Challenging Behavior


Bookmark and Share

Chicken philosophy and word retrieval


“What it is?” asks my youngest son. I raise my eyes from his homework sheet and try not to glower.

When will either of them ever learn to reference back, give me some tiny clue about the question? I have a choice. I can prompt him or I can wait. If I wait long enough, he will repeat the question, the same words but louder to aid my comprehension.

One day, just maybe, he will ask me a question in context, a whole question with all the clues built in and I shall fall down dead from shock. I feel an attack of grumpiness pricking the corners of my mouth. I suppress a sigh and thank my lucky stars that he chooses to talk at all.

“What is what dear?”
“An egg?”
“Hmm, well Grandpa would say that an egg is hen fruit.” I wonder if my Dad can remember his witticism, the kind designed for children's entertainment, or is that lost to Alzheimers too?
“Hen fruit? Hen fruit! HEN FRUIT! Ahh tis a joke I am finking.”
“You're right! It is a joke, a family joke, probably not a very funny one though.”
“What else?”
“What else is an egg, apart from a joke?”
“It's something that you can eat, very tasty and it can be a chicken baby or rather a chick.”
“Er……hens eat dah chicks?”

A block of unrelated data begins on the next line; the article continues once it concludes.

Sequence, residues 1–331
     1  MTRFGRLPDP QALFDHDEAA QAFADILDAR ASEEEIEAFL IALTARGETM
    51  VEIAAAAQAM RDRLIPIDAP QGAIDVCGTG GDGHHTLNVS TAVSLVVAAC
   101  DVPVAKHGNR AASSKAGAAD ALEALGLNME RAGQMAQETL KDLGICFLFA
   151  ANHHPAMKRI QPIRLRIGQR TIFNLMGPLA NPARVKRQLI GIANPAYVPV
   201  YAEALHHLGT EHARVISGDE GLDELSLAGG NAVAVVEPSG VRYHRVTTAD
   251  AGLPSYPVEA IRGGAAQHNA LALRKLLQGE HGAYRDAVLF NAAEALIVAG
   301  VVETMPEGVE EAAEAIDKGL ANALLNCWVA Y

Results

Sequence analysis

“No, people do.”
“People eat chicken babies? Gross man!” splutters the neophobe who currently only eats 13 foods.
“Er well…”
“Why they are?”
“Why are they what dear?”
“Why are dey dah sometimes white and dah sometimes brown?”
“It depends upon what the chicken eats. The food that the chicken eats can change the colour of the shell.” I decide to avoid the issue of different breeds as I'm already out of my depth, my fowl facts having been hand plucked from watching Chicken Run some three years prior.
“We can have pink eggs?”
“Hmm at Easter you can dye them any colour you like.”
“Why they are dead?” Oh no! A trigger word. Meltdown imminent. Dive for cover!
“You say they are 'died.'”
“Oh not dead died but dyed 'coloured,' like when you dye your paper different colours with your markers.”
“Vvv vvvv vvvvvv?”
“Vegetable?” Animal, vegetable or mineral? What now? What is he on about?
“I beed a vegetable?”
“Are you?”
“Vegetables don be eat chicken's………..?”
“Oh right! You mean vegetarians don't eat meat, or chickens for that matter.” I suppose he is a vegetarian now I come to think of it. Every one of his 13 foods would fall into that category. Sounds so much better than Neophobe anyway. So much easier to explain. My seven year old is an ardent vegetarian. I like it! Yes, we should certainly encourage this language expansion.
“I am a Vegan.”
“A Vegan?”
“I don eat eggs.”

More shock! Grumpiness dispelled.

Bookmark and Share

Padlock or face the consequences


In the wee small hours I turn off the telly to stagger up to bed.

At least I now have a few ideas about what to cook for supper.

A few wee small hours later, I find a small boy in a pool of light from the television. I return him, reluctantly, to his bed. Failure to lock up the telly cupboard.

The following day, or rather, later in the same day, we break with tradition to have an alternative breakfast. The croissants are warm and inviting. I pop them in the basket wrapped in the checkered cloth, a delightful gift from yesteryear. I am familiar with all the objections in advance, or so I thought.

“Dey have dah smoke!” he squalks in an adenoidal tone as his fingers pinch his nostrils shut.
“It's just steam, because they're warm dear.”
“I am not eating dah hot. Dah hot is bad!”